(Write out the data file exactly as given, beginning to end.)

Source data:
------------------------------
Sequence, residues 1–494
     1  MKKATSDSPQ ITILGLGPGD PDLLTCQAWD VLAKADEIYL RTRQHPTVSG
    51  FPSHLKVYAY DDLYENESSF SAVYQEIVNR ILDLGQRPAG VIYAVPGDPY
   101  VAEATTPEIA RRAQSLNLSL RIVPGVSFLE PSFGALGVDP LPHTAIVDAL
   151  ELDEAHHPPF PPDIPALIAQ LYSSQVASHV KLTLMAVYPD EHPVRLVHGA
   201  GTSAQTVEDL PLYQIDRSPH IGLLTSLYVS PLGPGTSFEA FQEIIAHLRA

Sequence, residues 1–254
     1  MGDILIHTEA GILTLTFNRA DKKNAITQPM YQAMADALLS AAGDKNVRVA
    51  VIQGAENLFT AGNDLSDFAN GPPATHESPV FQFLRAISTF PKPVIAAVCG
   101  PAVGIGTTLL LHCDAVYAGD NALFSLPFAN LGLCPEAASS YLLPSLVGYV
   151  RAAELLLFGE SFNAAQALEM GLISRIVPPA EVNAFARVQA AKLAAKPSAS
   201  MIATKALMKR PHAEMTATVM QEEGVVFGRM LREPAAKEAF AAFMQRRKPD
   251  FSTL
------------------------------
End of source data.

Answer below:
Sequence, residues 1–494
     1  MKKATSDSPQ ITILGLGPGD PDLLTCQAWD VLAKADEIYL RTRQHPTVSG
    51  FPSHLKVYAY DDLYENESSF SAVYQEIVNR ILDLGQRPAG VIYAVPGDPY
   101  VAEATTPEIA RRAQSLNLSL RIVPGVSFLE PSFGALGVDP LPHTAIVDAL
   151  ELDEAHHPPF PPDIPALIAQ LYSSQVASHV KLTLMAVYPD EHPVRLVHGA
   201  GTSAQTVEDL PLYQIDRSPH IGLLTSLYVS PLGPGTSFEA FQEIIAHLRA

Sequence, residues 1–254
     1  MGDILIHTEA GILTLTFNRA DKKNAITQPM YQAMADALLS AAGDKNVRVA
    51  VIQGAENLFT AGNDLSDFAN GPPATHESPV FQFLRAISTF PKPVIAAVCG
   101  PAVGIGTTLL LHCDAVYAGD NALFSLPFAN LGLCPEAASS YLLPSLVGYV
   151  RAAELLLFGE SFNAAQALEM GLISRIVPPA EVNAFARVQA AKLAAKPSAS
   201  MIATKALMKR PHAEMTATVM QEEGVVFGRM LREPAAKEAF AAFMQRRKPD
   251  FSTL